My newest magical place is my parents-in-law's beach house in Hermanus, South Africa.  Here, I can sit on the second floor balcony, glass of wine in hand, and watch the waves rolling endlessly toward the shore far below me. 

There's something about the sea and the mountains and the whales (oh! the whales!) that make me feel simultaneously really small, but also like I'm part of this great big amazing world. The landscape is wholesome;  I mean wholesome in the "being there makes you whole again" kind of way.  

Plan your trip to Hermanus

Getting there:

It's about a 1.5 hour drive from Cape Town through amazing mountain passes and rugged coastline.  

Where to stay:

There are plenty of amazing hotels and B&Bs in the town.  However, we usually stay in our parents' holiday home.  Fancy staying in the same place?  You can check it out and find more details HERE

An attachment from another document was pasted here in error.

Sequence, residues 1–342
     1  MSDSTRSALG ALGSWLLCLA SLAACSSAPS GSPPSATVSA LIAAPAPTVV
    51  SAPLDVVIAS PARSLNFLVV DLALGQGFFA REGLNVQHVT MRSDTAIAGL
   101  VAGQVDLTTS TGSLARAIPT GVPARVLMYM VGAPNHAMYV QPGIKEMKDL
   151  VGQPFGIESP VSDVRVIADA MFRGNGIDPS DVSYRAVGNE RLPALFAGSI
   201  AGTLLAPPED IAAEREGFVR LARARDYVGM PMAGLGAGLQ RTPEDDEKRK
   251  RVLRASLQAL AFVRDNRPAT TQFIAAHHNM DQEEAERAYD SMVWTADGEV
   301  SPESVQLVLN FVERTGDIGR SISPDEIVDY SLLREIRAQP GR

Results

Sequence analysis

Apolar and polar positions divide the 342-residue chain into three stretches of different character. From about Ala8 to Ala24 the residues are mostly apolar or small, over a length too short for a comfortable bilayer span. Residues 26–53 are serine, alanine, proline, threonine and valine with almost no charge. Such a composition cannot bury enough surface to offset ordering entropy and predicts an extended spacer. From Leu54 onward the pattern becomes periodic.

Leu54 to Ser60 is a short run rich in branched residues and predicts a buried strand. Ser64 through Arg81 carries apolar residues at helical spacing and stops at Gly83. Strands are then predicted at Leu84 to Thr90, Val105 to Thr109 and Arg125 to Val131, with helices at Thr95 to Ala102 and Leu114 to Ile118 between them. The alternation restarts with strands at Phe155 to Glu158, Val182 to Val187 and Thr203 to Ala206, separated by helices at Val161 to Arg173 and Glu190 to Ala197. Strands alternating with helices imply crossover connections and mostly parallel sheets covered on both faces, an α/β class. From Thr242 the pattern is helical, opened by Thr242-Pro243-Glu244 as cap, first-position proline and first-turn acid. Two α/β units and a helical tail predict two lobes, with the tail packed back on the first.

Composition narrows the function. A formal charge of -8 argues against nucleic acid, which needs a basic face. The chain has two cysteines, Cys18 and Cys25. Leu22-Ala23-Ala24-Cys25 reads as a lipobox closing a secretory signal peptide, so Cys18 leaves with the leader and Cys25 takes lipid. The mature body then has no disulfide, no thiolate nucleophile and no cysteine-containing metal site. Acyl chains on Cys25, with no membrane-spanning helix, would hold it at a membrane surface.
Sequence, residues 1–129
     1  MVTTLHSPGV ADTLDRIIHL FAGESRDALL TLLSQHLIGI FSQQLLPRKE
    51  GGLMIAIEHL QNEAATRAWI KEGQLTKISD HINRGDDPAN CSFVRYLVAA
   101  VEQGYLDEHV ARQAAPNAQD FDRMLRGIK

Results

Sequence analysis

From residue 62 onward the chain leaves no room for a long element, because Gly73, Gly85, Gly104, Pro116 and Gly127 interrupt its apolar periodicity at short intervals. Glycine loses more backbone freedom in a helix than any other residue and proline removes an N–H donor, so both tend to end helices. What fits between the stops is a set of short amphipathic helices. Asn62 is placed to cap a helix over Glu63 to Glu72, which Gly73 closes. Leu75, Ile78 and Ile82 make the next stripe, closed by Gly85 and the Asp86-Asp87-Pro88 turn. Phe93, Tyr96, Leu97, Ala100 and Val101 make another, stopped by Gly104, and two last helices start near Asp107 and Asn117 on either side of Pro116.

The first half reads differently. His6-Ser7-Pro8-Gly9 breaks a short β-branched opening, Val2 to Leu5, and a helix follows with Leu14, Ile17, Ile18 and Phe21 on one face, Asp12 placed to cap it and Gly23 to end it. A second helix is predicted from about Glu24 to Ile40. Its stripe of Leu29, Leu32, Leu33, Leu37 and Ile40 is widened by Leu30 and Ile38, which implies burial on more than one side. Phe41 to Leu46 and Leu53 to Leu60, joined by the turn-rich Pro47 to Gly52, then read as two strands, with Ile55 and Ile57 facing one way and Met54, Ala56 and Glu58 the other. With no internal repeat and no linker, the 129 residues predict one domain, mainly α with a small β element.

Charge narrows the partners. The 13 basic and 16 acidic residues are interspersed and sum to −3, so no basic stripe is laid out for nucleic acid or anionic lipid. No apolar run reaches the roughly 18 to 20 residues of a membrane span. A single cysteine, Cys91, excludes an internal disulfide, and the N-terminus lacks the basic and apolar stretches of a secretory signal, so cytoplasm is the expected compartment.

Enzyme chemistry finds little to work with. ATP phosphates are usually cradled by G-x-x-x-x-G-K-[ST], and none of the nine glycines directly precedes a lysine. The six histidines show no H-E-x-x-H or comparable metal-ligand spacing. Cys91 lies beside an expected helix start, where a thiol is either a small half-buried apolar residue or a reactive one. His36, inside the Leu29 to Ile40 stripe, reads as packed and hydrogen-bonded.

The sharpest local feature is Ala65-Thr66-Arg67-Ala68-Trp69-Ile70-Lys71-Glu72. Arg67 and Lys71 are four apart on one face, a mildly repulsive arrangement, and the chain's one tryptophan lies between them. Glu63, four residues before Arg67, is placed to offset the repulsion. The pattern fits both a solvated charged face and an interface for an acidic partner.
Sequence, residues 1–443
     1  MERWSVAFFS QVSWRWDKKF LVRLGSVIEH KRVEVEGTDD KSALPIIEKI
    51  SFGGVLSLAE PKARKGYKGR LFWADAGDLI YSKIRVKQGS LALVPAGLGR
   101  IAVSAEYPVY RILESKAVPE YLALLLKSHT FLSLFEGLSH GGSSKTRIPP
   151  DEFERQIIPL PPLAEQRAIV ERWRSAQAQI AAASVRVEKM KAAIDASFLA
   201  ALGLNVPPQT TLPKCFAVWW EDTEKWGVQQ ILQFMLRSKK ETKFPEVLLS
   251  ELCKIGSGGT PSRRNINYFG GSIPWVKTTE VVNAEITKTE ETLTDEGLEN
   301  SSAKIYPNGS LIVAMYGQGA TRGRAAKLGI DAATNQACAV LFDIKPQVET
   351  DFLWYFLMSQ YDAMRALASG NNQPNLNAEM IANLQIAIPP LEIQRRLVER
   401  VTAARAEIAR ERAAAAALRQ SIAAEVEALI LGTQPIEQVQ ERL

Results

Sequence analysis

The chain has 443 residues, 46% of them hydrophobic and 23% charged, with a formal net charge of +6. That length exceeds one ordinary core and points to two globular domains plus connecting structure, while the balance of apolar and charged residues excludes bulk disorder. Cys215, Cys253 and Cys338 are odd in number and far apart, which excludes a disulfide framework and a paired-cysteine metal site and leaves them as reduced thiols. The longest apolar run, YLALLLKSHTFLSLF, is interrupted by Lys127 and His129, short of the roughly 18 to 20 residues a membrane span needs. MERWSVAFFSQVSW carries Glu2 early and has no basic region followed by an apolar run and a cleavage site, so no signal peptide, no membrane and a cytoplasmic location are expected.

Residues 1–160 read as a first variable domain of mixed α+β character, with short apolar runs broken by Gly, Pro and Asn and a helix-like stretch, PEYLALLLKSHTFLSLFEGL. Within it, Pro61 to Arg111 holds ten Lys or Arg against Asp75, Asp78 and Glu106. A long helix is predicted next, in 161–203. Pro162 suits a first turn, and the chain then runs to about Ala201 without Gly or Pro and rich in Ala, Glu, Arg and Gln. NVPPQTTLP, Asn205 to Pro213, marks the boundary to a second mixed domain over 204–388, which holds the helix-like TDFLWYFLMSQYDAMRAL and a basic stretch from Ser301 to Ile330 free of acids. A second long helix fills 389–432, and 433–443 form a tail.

Where to eat

We have a ritual of coffee and breakfasts at Savannah Cafe. It's our favourite "not for tourists" place. The staff are friendly, the food is affordable and delicious, and the coffees are fantastic.   

The best pizzas in the world are from Rossi's. Trust me.  Advance booking is essential. 

Where to buy books: Hemingway's bookshop is like Paris's famous Shakespeare and Company transported to the African Coastline. They have an amazing selection of used, rare, antique and new books, as well as other memorabilia.  

Other things to do: 

A walk along the cliff path.  Hermanus is a long narrow town, strung along the shore and nestled between the mountains and the sea.  The whole coastline is public parkland, and there's an amazing paved walking path that leads along the beaches and cliffs, and through the dense Fynbos forests.